September 12, 2018

Museum Review - USS Nautilus and Submarine Force Museum

While visiting Sister Bean in Boston, we drove down to see the USS Nautilus and the attached Submarine Force Museum in Groton, Connecticut. It was a bit of a drive, but what we found when we arrived proved that we'd made the right decision. The entire complex joined the list of the great military museums I've been to, instead of the merely good.

Me at a mockup control panel1
Type: Museum of the submarine force, including the world's first nuclear-powered submarine
Location: Groton, Connecticut
Rating: 4.8/5, An exceptionally well-done look at submarine history and warfare
Price: Free


The sail of NR-1

I suspect that many of you are surprised that I'm rating Nautilus above both Massachusetts and Midway. I am too, but they earned it. Even as we were walking towards the front doors, I was starting to see cool stuff I hadn't expected to run across. In that particular case, it was the sail and manipulator arm of NR-1, a nuclear-powered research submarine specializing in fine work deep underwater. It's impossible not to love a submarine that had wheels.

A large model of a fleet boat, with a Polaris A3 in the background

Inside were more pleasant surprises. First, the museum displays were done really well. They laid out the basics of undersea warfare in a way that had me taking pictures of some of them for reference use while still being accessible to the average visitor. All facets of submarine history were at least discussed, from the earliest days of Bushnell and Holland (who I know were separated by over a century) to the American submarine in WWI, and a lot on the Cold War. The biggest suggestion I would make is to talk a bit more about WWII, and the role the submarine played in that. On the other hand, there are a lot of fleet boats floating around to do that job, and those can't really cover the Cold War that well.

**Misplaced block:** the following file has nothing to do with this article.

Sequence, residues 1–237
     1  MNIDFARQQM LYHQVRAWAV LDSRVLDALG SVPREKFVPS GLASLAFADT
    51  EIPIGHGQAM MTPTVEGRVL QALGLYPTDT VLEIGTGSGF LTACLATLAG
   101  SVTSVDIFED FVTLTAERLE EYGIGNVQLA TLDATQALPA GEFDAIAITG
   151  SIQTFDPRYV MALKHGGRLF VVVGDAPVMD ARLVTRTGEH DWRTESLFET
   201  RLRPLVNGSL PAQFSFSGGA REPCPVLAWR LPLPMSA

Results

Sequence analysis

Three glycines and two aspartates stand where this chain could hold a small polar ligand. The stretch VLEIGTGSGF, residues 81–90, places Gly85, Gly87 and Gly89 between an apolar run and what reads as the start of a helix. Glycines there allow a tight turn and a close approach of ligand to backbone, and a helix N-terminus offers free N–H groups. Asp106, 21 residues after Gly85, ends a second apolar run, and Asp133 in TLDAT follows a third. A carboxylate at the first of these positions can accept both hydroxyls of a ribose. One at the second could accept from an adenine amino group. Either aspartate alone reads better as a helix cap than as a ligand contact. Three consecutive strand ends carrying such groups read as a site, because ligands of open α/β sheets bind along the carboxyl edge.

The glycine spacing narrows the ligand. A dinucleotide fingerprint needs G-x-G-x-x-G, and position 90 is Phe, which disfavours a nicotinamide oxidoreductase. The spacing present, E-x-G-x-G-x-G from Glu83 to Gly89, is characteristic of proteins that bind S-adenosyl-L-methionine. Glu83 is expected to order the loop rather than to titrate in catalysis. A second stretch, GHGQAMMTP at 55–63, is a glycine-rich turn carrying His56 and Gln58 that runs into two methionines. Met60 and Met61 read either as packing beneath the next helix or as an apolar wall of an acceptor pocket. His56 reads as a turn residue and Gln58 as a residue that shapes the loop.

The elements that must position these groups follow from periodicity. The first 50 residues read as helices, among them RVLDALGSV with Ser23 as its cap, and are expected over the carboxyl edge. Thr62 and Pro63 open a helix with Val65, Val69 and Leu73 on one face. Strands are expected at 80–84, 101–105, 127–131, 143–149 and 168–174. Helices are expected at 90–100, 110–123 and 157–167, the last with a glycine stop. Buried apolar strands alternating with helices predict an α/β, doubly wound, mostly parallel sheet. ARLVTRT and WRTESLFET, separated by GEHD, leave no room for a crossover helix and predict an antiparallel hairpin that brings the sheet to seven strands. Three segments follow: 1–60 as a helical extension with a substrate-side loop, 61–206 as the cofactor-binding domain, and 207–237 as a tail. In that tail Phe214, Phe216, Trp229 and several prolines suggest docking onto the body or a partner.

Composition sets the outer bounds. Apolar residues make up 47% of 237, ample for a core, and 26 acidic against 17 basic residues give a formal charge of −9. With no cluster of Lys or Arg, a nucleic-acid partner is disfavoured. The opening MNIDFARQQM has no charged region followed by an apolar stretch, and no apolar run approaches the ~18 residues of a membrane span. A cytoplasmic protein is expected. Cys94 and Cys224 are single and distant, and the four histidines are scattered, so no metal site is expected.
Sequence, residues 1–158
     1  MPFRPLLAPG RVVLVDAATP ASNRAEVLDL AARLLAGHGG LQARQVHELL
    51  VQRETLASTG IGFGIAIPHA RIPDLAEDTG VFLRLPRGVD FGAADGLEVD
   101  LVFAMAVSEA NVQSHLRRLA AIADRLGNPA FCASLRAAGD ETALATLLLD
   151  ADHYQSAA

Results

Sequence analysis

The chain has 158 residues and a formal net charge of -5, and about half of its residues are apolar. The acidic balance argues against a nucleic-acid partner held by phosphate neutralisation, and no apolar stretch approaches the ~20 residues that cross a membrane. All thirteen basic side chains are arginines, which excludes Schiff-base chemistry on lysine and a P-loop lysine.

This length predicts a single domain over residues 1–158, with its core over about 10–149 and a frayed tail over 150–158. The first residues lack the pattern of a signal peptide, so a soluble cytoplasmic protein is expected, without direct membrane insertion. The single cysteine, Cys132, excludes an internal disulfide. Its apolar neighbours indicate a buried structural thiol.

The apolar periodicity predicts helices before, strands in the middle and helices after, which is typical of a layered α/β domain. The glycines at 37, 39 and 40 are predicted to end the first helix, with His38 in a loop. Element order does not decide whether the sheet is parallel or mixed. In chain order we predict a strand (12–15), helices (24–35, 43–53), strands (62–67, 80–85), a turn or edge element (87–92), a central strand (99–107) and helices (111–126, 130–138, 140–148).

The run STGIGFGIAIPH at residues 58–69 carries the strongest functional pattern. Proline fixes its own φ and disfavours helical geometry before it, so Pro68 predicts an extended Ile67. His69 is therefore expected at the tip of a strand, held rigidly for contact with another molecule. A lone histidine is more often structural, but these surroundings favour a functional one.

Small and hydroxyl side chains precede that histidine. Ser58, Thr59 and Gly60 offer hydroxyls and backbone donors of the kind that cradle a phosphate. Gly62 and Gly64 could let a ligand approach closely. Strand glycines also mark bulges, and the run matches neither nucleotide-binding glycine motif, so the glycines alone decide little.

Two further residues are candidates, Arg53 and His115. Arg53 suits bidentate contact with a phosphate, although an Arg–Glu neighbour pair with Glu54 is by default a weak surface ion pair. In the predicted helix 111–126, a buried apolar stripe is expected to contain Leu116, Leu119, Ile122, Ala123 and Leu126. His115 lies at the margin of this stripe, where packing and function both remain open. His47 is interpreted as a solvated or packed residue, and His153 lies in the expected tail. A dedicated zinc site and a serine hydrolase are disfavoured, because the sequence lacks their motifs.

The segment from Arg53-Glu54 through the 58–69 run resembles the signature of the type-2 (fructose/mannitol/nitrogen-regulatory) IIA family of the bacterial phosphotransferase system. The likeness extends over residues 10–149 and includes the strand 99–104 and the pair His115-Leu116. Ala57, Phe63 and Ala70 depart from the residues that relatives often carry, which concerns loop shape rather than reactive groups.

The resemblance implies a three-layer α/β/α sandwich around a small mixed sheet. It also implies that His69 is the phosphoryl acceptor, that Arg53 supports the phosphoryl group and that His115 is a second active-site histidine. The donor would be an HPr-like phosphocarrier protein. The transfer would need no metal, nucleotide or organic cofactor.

The museum took a couple of hours to get through. There were models of the Turtle (which had me admiring the men who volunteered to dive the thing even more than I already did) and a WWII fleet boat that gave great context to what I'd seen on Batfish and Lionfish, as it showed the parts not on the tour. There were weapons ranging from one of the first Whitehead torpedoes delivered to the USN to a Polaris A-3 missile, and they had a Torpedo Data Computer that was functional, or at least responded when you turned the knobs. They weren't calling attention to it, which I think is a tragedy because everyone else was looking at the periscopes that were in the same room and giving me weird looks because I was drooling over a box.2 They also had the USS Barb's battle flag, which was neat, as Barb is a personal favorite of mine.

The control room aboard Nautilus

Nautilus herself was equally well done. It was full of glass and mannequins, normally two pet peeves of mine where museum ships are concerned, but it was done well enough that I didn't mind them too much. The entire boat was glassed off, primarily because there simply wasn't room to let visitors through spaces without putting them in touching range of important things. The signage was good, giving enough context for someone reasonably interested to figure out what they were looking at, without being stupidly obvious. The mannequins were used consistently, instead of just being in one or two spaces, and done pretty well, which made them less obnoxious. The audio tour was also pretty good,3 probably because it wasn't too long. I suspect this was because space onboard was very limited, so they didn't want long backups. Unfortunately, you only see the forward torpedo room, the ship control spaces, and the officer and crew living spaces. I believe the reactor has been removed entirely4 and they haven't done anything else with the aft section of the boat.

The crew mess